In vivo reduction of cell-free methemoglobin to oxyhemoglobin results in vasoconstriction in canines
- This study was conducted using intramural NIH funds and NIH grants HL058091 (DK-S) and HL098032 (MTG and DKS). MTG also receives research support from NIH grants RO1HL096973, and P01HL103455, the Institute for Transfusion Medicine and the Hemophilia Center of Western Pennsylvania. The work by the authors was done as part of US government-funded research; however, the opinions expressed are not necessarily those of the National Institutes of Health.
Cell-free hemoglobin (Hb) in the vasculature leads to vasoconstriction and injury. Proposed mechanisms have been based on nitric oxide (NO) scavenging by oxyhemoglobin (oxyHb) or processes mediated by oxidative reactions of methemoglobin (metHb). To clarify this, we tested the vascular effect and fate of oxyHb or metHb infusions.
Study Design and Methods
Twenty beagles were challenged with 1-hour similar infusions of (200 μmol/L) metHb (n = 5), oxyHb (n = 5), albumin (n = 5), or saline (n = 5). Measurements were taken over 3 hours.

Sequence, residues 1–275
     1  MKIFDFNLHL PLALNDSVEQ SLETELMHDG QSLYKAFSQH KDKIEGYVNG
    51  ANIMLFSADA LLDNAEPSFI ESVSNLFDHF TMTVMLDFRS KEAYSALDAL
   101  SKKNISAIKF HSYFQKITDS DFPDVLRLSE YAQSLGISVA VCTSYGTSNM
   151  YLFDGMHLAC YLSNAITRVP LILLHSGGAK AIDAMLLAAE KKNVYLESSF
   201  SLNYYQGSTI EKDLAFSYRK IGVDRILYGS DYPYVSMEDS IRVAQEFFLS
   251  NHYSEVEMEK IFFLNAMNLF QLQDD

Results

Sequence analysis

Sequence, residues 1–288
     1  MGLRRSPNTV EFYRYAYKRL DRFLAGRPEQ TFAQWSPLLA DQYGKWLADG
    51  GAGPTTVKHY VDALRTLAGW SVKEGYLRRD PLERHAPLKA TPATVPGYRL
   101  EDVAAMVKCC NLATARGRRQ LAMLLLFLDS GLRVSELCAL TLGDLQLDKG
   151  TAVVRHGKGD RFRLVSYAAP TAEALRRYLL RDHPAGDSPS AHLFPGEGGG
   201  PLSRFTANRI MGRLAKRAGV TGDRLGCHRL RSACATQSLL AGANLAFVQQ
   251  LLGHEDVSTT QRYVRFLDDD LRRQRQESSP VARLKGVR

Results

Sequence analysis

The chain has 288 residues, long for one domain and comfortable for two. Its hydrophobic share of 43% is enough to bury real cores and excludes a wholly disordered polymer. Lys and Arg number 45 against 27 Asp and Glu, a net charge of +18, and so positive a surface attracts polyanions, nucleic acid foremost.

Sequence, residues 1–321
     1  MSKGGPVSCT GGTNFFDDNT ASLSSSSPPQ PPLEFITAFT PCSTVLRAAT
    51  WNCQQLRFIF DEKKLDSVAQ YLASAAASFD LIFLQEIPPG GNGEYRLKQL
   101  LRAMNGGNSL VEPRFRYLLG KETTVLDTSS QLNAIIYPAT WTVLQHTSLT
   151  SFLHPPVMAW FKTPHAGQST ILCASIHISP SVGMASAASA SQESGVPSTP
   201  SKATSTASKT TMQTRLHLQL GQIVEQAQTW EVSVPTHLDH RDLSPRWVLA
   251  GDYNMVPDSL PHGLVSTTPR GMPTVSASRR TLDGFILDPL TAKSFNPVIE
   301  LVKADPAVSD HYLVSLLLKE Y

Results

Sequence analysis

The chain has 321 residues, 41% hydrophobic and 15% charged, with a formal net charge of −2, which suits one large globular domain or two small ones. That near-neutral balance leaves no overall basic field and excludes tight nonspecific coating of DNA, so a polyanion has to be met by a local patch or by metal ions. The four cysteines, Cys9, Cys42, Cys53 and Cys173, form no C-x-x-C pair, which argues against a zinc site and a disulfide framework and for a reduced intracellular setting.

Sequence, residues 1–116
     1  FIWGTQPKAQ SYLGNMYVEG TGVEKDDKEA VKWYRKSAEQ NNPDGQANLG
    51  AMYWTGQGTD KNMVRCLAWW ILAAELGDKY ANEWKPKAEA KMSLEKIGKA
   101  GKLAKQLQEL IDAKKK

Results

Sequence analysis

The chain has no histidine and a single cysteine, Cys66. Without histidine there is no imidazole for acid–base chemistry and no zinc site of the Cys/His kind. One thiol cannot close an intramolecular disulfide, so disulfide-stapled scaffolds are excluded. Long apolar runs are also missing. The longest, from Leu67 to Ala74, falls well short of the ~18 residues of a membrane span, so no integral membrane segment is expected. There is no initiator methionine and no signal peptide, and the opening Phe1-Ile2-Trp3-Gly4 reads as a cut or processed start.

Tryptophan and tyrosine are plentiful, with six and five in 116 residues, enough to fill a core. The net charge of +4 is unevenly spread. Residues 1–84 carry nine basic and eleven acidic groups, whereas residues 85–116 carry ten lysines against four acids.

Infusions of the two pure Hb species resulted in increases in mean arterial blood pressure (MAP), systemic vascular resistance index, and NO consumption capacity of plasma (all p < 0.05) with the effects of oxyHb being greater than that from metHb (MAP; increase 0 to 3 hr; 27 ± 6% vs. 7 ± 2%, respectively; all p < 0.05). The significant vasoconstrictive response of metHb (vs. albumin and saline controls) was related to in vivo autoreduction of metHb to oxyHb, and the vasoactive Hb species that significantly correlated with MAP was always oxyHb, either from direct infusion or after in vivo reduction from metHb. Clearance of total Hb from plasma was faster after metHb than oxyHb infusion (p < 0.0001).
These findings indicate that greater NO consumption capacity makes oxyHb more vasoactive than metHb. Additionally, metHb is reduced to oxyHb after infusion and cleared faster or is less stable than oxyHb. Although we found no direct evidence that metHb itself is involved in acute vascular effects, in aggregate, these studies suggest that metHb is not inert and its mechanism of vasoconstriction is due to its delayed conversion to oxyHb by plasma-reducing agents.